Derby Mini Maker Faire 2015
Time has flown by since we were at last years' Derby Mini Maker Faire and this years' Mini Maker Faire was nothing short of spectacular with a record number of visitors on the day along with the addition of a large marquee, making this years' Maker Faire almost double the size of last years' Mini Maker Faire!


A Raspberry Pi Insect

It was good as always to see so many of our old friends there showing their stuff including Ragworm, Pimoroni, and a number of Hackspaces that made this Mini Maker Faire come alive! The highlights for me included the 'Human Fire and Ice Show' made from recycled parts, demonstrating what can be made from end-of-life products, and the ever popular marble run got a major upgrade, with a new cnc-milled version. Having live Twitter feeds displayed on several screens all across the Mini Maker Faire was a really nice touch.


Human Fire and Ice Show

We are proud to sponsor our local Maker Faire where we were showing off the new BBC micro:bit, and challenging even more people to our 'Simon Says' interactive game. It is a large version of our Game Project Kit and we were delighted to see a winner, who managed to successfully match the 16 colour sequence within the allotted 10 seconds! His prize for winning the game was a free Game Project Kit so he can recreate his own Simon Says game.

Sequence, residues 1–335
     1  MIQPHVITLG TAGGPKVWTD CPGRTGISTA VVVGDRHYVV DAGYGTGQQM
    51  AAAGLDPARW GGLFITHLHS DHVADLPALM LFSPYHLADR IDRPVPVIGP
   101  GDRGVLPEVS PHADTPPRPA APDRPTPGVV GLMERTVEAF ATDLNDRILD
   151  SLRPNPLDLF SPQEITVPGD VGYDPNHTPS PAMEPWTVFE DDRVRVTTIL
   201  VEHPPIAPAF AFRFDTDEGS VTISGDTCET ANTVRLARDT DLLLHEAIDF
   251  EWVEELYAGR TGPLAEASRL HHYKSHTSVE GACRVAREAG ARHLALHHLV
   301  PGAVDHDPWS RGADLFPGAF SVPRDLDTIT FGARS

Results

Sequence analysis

Simon Says Memory Game (far left) (image courtesy of Dominic Morrow)

As we were so focussed on the BBC micro:bit this year, we dedicated our entire stand to showing it off. We took along a couple of PCs for visitors to have a go at coding it for themselves (just like the setup we had last month in the Leicester Space Museum's Creator Faire) to see what they could create. We were very impressed with the coding skills of the students. Many have already been learning the basic programming language 'Scratch' in their ICT lessons. This was useful as the BBC micro:bit can be programmed in the 'Microsoft Block Editor' language which was based on Scratch. The results were impressive. All of the students that took part all managed to code the BBC micro:bit to say their name and a couple more advanced students managed to create their own games using the BBC micro:bit.


BBC micro:bit

Finally, we’d like to say a big thank you to all of the volunteers that helped make Derby Mini Maker Faire 2015 the success it was. The event gets bigger every year and we are sure it couldn't be done without the help of all of these fantastic people. We can't wait to see what next year brings! If you want to see more photos of the day, you can check out Dominic Morrow's album on Google Photos here or you can see the album we've created here. You can see what we are up to throughout the year by signing up here to our newsletter to see everything here at Kitronik!

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